First and foremost, we hope you and your loved ones are safe, healthy, and doing everything within your ability to minimize the risk of this virus.
The Coronavirus and the potential implications for nursing home residents is real and extremely serious. Our seniors our most vulnerable to the affects of this pandemic. Being a little older combined with an underlying health condition places one at a heightened risk from a complication of the coronavirus (COVID-19).
On March 13, 2020, the Centers for Disease Control and Prevention (CDC) directed nursing homes to significantly limited visits of residents by family and friends. The CDC also restricted communal activities inside of nursing homes. This is an attempt to protect residents.
As stated by CMS Administrator Seema Verma: “As we learn more about the Coronavirus from experts on the ground, we’ve learned that seniors with multiple conditions are at highest risk for infection and complications, so CMS is using every tool at our disposal to keep nursing homes free from infection.” “Temporarily restricting visitors and nonessential workers will help reduce the risk of Coronavirus spread in nursing homes, keeping residents safe.”
Restricted are visits by volunteers, nonessential health care personnel (i.e. grooming needs), and cancelling group activities and dining. Exceptions are to be made for “compassionate care” needs.
Regrettably, there is an associated cost to these restrictions. The emotional harm of limited contact cannot be overly stated. It is often those closest to the resident who notice a change in condition.
The CDC has recommended (hopefully, there will be compliance) that nursing homes place hand sanitizers with 60-95 percent alcohol in every resident room, sinks well-stocked with soap and paper towels, tissues and facemasks made available, and hospital grade disinfectants available for frequent cleaning of areas that are readily in touch.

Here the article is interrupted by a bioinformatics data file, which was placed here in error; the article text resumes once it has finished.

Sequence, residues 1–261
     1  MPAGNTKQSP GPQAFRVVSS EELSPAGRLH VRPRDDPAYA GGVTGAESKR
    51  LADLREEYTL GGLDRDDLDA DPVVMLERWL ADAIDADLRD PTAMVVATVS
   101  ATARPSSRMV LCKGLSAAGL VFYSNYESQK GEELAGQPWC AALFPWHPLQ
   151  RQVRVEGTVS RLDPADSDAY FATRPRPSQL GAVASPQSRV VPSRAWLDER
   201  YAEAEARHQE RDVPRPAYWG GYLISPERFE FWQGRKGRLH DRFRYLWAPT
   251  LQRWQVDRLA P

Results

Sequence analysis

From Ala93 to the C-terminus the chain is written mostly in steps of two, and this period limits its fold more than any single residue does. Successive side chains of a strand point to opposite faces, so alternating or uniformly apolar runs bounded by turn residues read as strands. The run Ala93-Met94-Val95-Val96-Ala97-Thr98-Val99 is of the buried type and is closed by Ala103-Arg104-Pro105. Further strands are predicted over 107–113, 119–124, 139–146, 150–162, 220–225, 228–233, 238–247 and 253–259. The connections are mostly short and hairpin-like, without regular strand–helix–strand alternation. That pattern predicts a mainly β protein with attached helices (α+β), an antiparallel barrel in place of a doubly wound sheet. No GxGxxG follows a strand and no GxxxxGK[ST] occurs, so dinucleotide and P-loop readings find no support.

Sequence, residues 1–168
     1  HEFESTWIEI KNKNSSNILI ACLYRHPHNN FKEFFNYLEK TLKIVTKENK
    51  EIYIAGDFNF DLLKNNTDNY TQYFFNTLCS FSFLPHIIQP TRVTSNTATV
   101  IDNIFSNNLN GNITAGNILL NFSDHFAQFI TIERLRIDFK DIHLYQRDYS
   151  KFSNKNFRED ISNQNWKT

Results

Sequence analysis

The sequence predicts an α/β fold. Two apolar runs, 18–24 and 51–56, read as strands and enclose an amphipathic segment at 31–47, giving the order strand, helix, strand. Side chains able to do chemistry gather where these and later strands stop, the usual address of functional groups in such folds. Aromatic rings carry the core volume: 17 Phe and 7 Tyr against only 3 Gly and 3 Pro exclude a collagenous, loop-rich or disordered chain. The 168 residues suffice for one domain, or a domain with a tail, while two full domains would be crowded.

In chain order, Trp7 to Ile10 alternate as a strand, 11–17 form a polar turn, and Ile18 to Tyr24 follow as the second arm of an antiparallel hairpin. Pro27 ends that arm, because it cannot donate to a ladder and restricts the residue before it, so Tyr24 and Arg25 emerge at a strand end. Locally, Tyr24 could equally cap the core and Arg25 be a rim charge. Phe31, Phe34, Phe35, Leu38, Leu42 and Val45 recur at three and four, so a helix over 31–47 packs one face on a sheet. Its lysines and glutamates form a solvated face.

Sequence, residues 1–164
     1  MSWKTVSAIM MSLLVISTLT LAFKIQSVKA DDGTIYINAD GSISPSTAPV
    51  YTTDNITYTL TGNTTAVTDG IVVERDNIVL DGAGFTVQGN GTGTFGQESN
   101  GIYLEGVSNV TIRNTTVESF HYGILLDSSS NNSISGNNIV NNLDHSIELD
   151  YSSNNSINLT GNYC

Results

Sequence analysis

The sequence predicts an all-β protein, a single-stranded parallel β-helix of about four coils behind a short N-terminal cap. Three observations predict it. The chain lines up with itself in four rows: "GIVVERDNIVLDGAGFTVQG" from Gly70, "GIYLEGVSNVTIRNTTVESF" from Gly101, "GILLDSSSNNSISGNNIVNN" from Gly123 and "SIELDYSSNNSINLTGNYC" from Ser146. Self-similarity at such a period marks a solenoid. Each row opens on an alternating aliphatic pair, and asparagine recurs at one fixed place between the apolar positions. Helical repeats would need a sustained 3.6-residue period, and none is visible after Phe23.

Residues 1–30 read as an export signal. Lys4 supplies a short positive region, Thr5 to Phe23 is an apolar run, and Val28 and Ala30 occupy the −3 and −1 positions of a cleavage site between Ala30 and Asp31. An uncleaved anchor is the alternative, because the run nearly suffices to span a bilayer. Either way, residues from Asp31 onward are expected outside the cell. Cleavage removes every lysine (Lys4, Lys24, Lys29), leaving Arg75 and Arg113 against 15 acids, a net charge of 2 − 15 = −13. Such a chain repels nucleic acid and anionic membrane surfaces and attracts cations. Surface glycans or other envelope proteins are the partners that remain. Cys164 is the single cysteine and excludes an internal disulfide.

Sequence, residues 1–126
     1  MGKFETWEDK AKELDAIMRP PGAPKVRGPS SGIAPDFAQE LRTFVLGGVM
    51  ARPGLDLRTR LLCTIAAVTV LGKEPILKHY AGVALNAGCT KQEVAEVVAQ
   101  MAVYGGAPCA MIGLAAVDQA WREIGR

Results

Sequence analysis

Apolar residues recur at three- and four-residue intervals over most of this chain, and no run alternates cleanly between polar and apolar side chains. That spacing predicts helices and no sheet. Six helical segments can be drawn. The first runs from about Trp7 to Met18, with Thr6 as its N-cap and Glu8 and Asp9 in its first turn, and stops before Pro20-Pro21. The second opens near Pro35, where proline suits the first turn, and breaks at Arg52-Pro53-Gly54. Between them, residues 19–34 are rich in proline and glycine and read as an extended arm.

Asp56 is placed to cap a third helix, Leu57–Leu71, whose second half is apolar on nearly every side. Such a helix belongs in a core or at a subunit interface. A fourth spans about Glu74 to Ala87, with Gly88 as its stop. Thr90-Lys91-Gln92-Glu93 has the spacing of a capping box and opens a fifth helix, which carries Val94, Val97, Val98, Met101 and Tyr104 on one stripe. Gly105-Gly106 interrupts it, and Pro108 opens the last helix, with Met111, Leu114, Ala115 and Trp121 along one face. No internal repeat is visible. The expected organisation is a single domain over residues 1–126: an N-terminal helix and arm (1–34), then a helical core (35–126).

However, the Trump Administration has loosened oversight of the nursing home industry. Including, regrettably, are rules that help curb deadly infections of residents. As of this writing, there has been roll-back to pre COVID-19 oversight.
This effort began last summer with a push by lobbyists and campaign contributions to the nursing home industry. In July, 2019, CMS began implementing changes imposed by the prior Administration that required every nursing home to have a minimum of one infection specialist on staff.
There should be no surprise of a correlation between The Life Care Center in Kirkland, Washington and the 26 residents who have died, 13 of whom were confirmed to have COVID-19. It is worth noting that this facility had the top-quality rating from CMS. Although Ms. Verma claims that the changes are still in the proposal stage, her response to criticism: “We have to make sure that our regulations are not so burdensome that they hurt the industry,”
Permit me to repeat that: “We have to make sure that our regulations are not so burdensome that they hurt the industry,” That is appalling to me. Based upon this statement CMS is putting corporate largess over the welfare of our seniors.
Before COVID-19, 380,000 residents were killed each year due to infections. Going forward one can only guess or surmise. Clearly, there will be a spike in otherwise preventable injuries such as bedsores and those fall related.
Pending implementation are lessening oversight of staffing to medical equipment needs. The number one cause of preventable injury in nursing homes is insufficient staffing (https://www.injurylaw-ny.com/preventable-injury/). This should not be allowed to happen.
If you or someone you know is injured please consider contacting Adams Law Firm, P.C. We have a successfully advocated on behalf of those injured due to harm, abuse and neglect throughout New York State and Northern New Jersey. There is no legal fee until we are successful.
Should you have any question, please contact us toll free at 888 MY 911 LAW (888.699.1152), or by email at [email protected] Thank you.